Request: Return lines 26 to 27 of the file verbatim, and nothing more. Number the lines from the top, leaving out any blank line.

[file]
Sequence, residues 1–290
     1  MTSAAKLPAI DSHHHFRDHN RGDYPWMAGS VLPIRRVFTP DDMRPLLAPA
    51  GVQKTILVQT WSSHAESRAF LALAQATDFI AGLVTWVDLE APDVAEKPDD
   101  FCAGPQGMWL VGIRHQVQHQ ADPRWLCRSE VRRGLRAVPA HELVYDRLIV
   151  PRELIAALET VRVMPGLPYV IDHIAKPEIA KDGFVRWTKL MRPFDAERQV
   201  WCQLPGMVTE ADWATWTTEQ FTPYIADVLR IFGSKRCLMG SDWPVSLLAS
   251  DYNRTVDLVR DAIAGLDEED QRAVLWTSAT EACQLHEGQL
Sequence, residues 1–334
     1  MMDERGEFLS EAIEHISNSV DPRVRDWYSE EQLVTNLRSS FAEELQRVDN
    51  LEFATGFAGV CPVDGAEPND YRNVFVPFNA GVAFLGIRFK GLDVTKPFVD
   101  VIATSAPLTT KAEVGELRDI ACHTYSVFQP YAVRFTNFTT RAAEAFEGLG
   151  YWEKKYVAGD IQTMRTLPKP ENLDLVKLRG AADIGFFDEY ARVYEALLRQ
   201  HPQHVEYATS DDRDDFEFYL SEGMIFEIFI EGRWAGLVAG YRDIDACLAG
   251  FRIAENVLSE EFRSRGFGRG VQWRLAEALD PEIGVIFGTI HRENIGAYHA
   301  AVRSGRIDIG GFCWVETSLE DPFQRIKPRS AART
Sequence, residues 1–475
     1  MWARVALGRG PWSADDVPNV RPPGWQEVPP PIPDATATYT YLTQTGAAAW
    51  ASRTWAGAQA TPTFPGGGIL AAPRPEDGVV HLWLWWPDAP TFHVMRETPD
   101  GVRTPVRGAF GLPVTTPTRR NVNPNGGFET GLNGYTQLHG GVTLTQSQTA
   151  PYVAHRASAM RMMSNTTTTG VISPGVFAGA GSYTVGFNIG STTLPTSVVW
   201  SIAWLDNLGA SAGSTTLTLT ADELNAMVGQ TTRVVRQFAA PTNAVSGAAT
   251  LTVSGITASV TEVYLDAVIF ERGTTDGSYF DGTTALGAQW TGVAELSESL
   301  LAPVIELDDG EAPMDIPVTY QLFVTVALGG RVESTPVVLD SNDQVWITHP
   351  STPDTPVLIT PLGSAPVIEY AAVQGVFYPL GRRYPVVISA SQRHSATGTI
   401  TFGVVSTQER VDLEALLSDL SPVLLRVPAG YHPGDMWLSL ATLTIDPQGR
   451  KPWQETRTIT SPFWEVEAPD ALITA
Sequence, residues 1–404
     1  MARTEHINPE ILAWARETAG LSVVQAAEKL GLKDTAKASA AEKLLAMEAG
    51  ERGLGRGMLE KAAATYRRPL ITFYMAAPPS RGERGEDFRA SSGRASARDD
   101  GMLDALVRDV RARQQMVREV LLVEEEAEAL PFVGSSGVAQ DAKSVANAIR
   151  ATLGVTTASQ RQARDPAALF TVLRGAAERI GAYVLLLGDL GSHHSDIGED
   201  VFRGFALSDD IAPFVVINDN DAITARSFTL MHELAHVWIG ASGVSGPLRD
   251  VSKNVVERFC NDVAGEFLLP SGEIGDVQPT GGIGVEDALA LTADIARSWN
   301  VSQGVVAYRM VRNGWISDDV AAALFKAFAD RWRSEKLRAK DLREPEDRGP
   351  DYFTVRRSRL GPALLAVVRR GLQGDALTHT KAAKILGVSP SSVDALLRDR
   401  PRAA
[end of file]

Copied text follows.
   451  KPWQETRTIT SPFWEVEAPD ALITA
Sequence, residues 1–404